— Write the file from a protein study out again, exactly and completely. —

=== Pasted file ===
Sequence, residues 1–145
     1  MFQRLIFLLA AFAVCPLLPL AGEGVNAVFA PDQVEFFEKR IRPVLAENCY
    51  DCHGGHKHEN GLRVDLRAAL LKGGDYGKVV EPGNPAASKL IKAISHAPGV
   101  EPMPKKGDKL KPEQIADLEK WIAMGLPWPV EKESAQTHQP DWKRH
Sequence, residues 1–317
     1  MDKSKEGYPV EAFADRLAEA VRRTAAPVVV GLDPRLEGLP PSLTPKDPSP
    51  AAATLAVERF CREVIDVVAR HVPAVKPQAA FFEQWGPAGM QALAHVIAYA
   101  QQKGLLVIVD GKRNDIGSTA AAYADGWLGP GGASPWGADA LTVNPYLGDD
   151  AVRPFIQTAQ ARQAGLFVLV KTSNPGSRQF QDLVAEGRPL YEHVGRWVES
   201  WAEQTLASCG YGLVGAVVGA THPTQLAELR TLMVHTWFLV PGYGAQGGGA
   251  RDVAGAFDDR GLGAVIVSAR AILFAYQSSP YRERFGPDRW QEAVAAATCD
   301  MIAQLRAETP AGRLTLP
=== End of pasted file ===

Sequence, residues 1–145
     1  MFQRLIFLLA AFAVCPLLPL AGEGVNAVFA PDQVEFFEKR IRPVLAENCY
    51  DCHGGHKHEN GLRVDLRAAL LKGGDYGKVV EPGNPAASKL IKAISHAPGV
   101  EPMPKKGDKL KPEQIADLEK WIAMGLPWPV EKESAQTHQP DWKRH
Sequence, residues 1–317
     1  MDKSKEGYPV EAFADRLAEA VRRTAAPVVV GLDPRLEGLP PSLTPKDPSP
    51  AAATLAVERF CREVIDVVAR HVPAVKPQAA FFEQWGPAGM QALAHVIAYA
   101  QQKGLLVIVD GKRNDIGSTA AAYADGWLGP GGASPWGADA LTVNPYLGDD
   151  AVRPFIQTAQ ARQAGLFVLV KTSNPGSRQF QDLVAEGRPL YEHVGRWVES
   201  WAEQTLASCG YGLVGAVVGA THPTQLAELR TLMVHTWFLV PGYGAQGGGA
   251  RDVAGAFDDR GLGAVIVSAR AILFAYQSSP YRERFGPDRW QEAVAAATCD
   301  MIAQLRAETP AGRLTLP